It's commonly believed that there are no more miracles.
This is completely incorrect. I have personally witnessed not one, but two, miracles.
"I'm not a tourist, I'm a traveler!" I've heard this countless times during my travels. If I'm being honest, I've probably said it myself at some point.
But with age comes wisdom. I've changed my tune. I am perfectly happy to be a shameless tourist.
I recently returned from my first trip to Roatan -- and it was amazing. No regrets. I would definitely go back.
BUT. One thing I really wish I'd known before booking my flights is that Roatan is not Bonaire.
Guys. While driving around Palo Alto this week, I saw FOURTEEN naked ladies!
It was glorious.
I came to Southeast Asia for two reasons: surfing, and scuba diving. But, totally unexpectedly, the highlight of my trip so far has been a two-day slow boat cruise down the Mekong River, from Thailand to the center of Laos.
Guys, I'm, like, soooo vaccinated right now!
In just a few days, I'm headed to Thailand. Then Sri Lanka. Then Vietnam. Then... who knows? And, at the last minute, I decided to do the responsible thing and get my vaccines.
I recently posted The Very First Thing ALL Divers Should Do When They Get to Bonaire, in which I described the Lionfish Hunting certification course I took while traveling in the ABC Islands. (Eradicating invasive species for the win!)
But I also wanted to give a shoutout to what I thought was the best dive shop in Bonaire – VIP Diving, through whom I took said lionfish course.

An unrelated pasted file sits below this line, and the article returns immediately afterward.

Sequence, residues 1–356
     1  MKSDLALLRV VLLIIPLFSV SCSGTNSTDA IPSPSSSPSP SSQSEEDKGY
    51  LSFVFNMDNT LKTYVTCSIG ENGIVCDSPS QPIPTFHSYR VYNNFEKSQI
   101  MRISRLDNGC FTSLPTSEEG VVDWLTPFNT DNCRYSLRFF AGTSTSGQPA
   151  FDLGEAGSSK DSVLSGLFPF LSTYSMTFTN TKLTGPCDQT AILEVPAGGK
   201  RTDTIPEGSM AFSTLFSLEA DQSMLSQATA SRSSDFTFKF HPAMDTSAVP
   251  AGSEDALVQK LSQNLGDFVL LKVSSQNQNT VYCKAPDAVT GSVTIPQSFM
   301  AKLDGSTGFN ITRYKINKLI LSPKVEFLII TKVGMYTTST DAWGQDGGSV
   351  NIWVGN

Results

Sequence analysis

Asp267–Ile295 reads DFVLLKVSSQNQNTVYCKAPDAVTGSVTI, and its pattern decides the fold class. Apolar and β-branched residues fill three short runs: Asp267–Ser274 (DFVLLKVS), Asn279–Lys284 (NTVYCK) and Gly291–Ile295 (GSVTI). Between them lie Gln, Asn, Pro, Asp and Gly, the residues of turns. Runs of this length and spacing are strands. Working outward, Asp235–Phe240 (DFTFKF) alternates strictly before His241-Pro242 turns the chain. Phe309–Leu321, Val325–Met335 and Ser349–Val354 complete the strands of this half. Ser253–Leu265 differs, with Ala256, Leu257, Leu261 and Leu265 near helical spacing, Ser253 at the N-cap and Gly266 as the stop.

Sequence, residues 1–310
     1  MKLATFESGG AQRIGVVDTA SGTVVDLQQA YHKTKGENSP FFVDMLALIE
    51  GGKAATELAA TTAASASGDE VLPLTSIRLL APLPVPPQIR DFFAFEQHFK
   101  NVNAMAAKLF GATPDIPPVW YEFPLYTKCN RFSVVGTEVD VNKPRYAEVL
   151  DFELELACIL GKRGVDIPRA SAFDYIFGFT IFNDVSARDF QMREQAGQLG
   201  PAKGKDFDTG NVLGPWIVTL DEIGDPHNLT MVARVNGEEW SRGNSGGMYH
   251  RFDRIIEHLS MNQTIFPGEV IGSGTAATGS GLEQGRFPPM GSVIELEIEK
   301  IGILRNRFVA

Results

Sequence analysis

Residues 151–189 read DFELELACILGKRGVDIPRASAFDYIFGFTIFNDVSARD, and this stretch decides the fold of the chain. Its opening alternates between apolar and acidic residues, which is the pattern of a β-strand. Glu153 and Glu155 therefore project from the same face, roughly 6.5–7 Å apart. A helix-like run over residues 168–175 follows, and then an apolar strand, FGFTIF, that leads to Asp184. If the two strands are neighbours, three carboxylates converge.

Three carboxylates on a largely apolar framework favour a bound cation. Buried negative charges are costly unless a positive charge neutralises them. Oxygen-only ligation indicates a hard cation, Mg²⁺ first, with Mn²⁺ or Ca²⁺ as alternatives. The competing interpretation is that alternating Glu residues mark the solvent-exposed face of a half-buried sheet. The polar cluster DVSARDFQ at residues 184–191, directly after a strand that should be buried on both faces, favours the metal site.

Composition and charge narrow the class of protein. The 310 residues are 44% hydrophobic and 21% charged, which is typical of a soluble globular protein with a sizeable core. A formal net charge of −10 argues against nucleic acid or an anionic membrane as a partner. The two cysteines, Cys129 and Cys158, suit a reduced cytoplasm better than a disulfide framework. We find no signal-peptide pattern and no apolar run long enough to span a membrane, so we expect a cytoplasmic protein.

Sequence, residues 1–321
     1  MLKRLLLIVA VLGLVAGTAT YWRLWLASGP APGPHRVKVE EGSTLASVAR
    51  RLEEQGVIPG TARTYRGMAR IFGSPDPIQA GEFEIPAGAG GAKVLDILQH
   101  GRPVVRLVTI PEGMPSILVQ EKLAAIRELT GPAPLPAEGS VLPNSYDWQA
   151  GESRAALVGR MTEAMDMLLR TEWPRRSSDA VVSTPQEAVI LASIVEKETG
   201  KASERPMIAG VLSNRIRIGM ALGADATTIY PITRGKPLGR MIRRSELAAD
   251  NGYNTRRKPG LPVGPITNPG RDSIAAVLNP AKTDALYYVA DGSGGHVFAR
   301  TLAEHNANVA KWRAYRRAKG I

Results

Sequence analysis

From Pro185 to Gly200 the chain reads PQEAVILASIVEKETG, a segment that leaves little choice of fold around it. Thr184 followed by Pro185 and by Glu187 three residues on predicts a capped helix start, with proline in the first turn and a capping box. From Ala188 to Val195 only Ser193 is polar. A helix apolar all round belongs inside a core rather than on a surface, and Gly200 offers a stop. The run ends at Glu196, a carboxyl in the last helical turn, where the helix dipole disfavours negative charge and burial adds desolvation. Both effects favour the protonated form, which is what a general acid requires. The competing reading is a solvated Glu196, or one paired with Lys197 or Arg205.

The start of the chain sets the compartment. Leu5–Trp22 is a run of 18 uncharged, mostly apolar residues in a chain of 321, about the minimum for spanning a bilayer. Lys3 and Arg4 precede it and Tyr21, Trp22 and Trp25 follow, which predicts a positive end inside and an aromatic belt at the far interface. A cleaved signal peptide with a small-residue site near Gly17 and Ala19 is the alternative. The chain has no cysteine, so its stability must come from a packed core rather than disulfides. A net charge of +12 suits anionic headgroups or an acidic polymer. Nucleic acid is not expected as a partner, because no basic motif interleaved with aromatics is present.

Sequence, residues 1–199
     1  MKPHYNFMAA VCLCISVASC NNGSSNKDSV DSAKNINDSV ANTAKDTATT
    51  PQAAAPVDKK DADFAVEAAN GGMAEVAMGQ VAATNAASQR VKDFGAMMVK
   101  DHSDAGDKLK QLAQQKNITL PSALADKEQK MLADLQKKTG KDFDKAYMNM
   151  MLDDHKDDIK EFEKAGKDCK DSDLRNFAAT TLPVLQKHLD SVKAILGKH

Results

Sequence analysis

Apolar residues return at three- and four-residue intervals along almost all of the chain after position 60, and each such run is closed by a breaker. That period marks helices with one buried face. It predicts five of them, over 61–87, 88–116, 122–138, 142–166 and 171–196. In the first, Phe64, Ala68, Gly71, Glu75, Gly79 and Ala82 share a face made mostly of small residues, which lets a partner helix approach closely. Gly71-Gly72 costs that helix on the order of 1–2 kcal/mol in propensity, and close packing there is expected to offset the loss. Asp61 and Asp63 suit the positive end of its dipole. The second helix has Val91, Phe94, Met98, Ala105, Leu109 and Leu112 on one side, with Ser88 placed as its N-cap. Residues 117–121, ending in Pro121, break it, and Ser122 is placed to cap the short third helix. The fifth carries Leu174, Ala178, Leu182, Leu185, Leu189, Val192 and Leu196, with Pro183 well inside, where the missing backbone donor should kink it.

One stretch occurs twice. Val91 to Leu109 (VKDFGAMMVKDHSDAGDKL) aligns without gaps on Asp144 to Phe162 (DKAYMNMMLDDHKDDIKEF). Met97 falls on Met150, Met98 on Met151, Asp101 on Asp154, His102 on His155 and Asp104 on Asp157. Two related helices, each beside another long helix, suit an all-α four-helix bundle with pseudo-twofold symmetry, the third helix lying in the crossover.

Want to know how I know there is magic in the world?
Because I just returned from Bonaire, where there is magic everywhere.
Three weeks ago, I had never heard of a place called Bonaire. But then, one day, I decided to Google "world's best shore diving," and Bonaire kept showing up -- usually in the number one spot -- on every list.
So I did an image search for Bonaire, fell in love, and booked a flight.
As my departure rapidly approached, I checked the CDC website to read their recommendations for water and food safety in Bonaire.
Like many things, the government got it all wrong.
I read the saddest story ever this morning. A beautiful, vibrant woman named Geraldine Largay, or Inchworm, was found dead in her tent, almost two years after losing her way along the Appalachian Trail.
About the Author
Eva is a content specialist with a passion for play, travel... and a little bit of girl power. Read more >
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